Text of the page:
Sturgeon: I deeply regret Brexit impact on planning for Covid pandemic

The former first minister says resources were diverted away from Covid planning in order to prepare for potential no-deal Brexit.

Former first minister Nicola Sturgeon “deeply regrets” having to divert resources away from Covid emergency planning in order to prepare for the possibility of a no-deal Brexit.

Speaking to the UK Covid-19 Inquiry on Thursday, Sturgeon said the Scottish Government had “no choice” but to do that planning in 2019.

She said: “Brexit, obviously, was something that was happening completely against the will of the Scottish Government so we were not at all happy about what we were having to do.

“But to put it bluntly we had no choice because had a no-deal Brexit happened – and there were periods over 2019 where that was a distinct possibility – the consequences of that would have been very, very severe.

“We had no choice but to do that planning. I deeply regret any consequences that had for our emergency planning in other areas.”

Questioned by lead counsel Hugo Keith if this was a “false economy”, she said: “I think every aspect of Brexit has been a false economy.”

She was then warned she was in a “witness box, not a soap box”.

The UK voted to leave the European Union in 2016 and officially left the trading bloc – its nearest and biggest trading partner – on January 31, 2020.

Just two months later, the first case of coronavirus was confirmed in Scotland after a patient was diagnosed having recently travelled from Italy.

The whole of the UK went into lockdown on March 23 in a bid to tackle the spread of the virus.

Questioned about relations between the Scottish and UK governments throughout the pandemic, Sturgeon said she believed “they remained too ad-hoc” and didn’t become “more embedded in a very systemic way”.

“Overall, in the context of inter-governmental relations – work around swine flu and from swine flu (onwards) – leading up to the beginning of Covid, I think, relatively speaking, they worked well.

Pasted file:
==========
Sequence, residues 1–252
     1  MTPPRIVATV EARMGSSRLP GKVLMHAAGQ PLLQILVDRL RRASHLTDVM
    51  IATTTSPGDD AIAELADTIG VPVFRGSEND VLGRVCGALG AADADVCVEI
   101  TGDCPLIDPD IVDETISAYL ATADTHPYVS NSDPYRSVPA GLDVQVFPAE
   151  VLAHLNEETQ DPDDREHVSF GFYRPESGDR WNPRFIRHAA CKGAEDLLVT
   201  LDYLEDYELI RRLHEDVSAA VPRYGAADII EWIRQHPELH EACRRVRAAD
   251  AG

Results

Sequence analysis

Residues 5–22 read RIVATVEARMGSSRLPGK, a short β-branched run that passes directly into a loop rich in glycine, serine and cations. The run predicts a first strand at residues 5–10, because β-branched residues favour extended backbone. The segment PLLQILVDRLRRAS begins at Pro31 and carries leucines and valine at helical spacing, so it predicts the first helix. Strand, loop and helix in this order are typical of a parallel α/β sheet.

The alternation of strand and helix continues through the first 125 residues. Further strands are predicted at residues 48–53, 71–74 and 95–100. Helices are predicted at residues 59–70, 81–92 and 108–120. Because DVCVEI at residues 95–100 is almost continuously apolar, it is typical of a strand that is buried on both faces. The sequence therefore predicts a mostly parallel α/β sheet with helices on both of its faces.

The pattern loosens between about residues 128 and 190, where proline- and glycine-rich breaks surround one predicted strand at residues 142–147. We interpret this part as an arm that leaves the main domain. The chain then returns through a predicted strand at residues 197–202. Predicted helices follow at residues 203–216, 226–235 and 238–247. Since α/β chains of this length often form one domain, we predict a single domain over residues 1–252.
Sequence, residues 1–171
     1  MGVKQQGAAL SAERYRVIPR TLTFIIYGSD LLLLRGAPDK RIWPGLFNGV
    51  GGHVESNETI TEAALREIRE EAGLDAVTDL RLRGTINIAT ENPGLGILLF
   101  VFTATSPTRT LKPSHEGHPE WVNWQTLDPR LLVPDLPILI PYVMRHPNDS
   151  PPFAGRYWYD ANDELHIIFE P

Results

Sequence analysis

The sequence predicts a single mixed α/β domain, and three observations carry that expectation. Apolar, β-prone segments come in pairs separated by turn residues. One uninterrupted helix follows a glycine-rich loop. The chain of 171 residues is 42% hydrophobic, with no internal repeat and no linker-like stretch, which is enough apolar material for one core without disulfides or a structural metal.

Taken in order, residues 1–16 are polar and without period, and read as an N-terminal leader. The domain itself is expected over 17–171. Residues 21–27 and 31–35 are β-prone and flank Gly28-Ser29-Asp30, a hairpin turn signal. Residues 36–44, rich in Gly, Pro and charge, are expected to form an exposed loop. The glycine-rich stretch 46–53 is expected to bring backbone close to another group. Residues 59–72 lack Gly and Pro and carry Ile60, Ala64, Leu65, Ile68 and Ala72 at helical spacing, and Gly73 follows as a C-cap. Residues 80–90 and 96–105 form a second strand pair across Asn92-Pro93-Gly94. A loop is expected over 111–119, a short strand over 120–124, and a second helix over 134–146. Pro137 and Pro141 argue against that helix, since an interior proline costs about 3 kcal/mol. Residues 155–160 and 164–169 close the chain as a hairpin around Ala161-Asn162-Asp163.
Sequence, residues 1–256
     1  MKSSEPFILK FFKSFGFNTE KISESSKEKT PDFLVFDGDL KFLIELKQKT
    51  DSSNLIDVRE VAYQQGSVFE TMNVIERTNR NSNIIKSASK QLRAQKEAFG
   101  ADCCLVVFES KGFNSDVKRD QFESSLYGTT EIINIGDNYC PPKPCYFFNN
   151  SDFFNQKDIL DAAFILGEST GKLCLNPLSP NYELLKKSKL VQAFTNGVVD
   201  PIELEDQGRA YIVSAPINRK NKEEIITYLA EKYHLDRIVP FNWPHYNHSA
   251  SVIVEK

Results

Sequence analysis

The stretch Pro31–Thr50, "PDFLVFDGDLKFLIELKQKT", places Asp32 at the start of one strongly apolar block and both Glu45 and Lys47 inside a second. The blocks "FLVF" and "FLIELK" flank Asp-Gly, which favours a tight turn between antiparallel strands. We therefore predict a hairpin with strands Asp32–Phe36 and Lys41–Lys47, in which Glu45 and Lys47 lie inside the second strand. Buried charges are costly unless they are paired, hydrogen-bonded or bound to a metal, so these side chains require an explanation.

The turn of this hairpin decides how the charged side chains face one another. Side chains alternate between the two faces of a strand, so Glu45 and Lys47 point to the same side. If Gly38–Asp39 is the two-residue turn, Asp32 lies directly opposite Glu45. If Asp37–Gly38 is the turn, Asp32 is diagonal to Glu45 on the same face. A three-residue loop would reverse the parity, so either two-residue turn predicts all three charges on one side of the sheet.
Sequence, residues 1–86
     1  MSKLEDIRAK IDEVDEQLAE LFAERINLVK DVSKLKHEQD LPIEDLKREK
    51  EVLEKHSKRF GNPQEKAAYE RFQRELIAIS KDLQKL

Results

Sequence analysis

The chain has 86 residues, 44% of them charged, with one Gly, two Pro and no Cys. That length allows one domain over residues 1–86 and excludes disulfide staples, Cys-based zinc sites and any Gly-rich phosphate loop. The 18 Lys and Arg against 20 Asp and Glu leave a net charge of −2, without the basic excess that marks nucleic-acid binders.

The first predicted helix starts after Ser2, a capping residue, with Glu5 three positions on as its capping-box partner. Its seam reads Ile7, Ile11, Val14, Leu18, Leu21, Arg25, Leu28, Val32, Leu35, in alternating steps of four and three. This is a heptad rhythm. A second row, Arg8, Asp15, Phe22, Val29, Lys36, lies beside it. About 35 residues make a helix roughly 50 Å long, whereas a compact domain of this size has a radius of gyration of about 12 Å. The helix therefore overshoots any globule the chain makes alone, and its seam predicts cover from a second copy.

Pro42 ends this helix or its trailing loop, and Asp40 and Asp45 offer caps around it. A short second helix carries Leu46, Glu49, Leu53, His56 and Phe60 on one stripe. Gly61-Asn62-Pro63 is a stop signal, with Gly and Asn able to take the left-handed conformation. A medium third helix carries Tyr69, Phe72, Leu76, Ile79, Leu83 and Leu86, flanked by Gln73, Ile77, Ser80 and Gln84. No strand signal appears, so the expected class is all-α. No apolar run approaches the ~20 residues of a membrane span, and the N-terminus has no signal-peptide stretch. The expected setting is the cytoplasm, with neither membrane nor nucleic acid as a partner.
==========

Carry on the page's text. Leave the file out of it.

“I think it would be better if we had working relationships that were more systemised and embedded, and that would then transcend different individuals.

“If the attitudes and mindsets are correct, particularly in the context of a health emergency, political differences shouldn’t get in the way but, of course, from time-to-time that is going to depend on the different personalities involved.

“Inevitably, that will be influenced by the wider political context at the time, and perhaps Brexit had an impact there in terms of setting the overall tone for some of these intergovernmental relationships.”

Launched by Boris Johnson in May 2021, the inquiry looks into decision-making in Westminster and devolved governments in Wales, Scotland and Northern Ireland – and examines how well prepared the UK was for the pandemic.

It is being led by Baroness Hallett, who led the inquiry on the London 7/7 bombings. Hearings are expected to continue until 2025.

A separate Scottish inquiry looking at the impact north of the border has yet to hold public hearings after its chairwoman quit along with members of her legal team.

During her evidence on Wednesday, Sturgeon also said the Scottish Government did not accept the worst-case scenario of the coronavirus pandemic,

She said the government was determined to do everything it could to suppress the virus as much as possible, adding that it was never the case that ministers accepted a reasonable worse-case scenario was going to unfold.

“I don’t accept there was a level of harm that we were willing to have unfold,” she told the inquiry.

“The questions I think that are really important for us all to consider is could or should we have done more to suppress Covid to the maximum. But, speaking on behalf of the government that I led at the time, it was never the case that we accepted there is a level of harm that is going to be done by this virus and we accept that.

“In fact, it became later on, one of the points of difference between the Scottish and UK governments – the extent to which we were still seeking to suppress, as opposed to live with, the virus.”

As she began giving evidence, Sturgeon said the learning from the pandemic is of “critical importance”. She offered her “sympathies and condolences to all those who suffered as a result of the Covid-19 pandemic”.

“The pandemic may be over but for many people their suffering continues and there is not a day that passes that I don’t think about that,” said Sturgeon.

“Every day the government I led did our best to take the best possible decisions but equally we did not get everything right.”

“I think there is a real danger in putting an overemphasis on plans, there is often a tendency to say in government ‘well, we have a plan, it sits on the shelf, so we have done the preparation’, and it’s what lies beneath that.

“Had there been a plan that looked at the range of pandemics other than flu, then yes it is possible that we would have had greater discussion around some of the elements that, of course, came much to the fore when Covid struck.”

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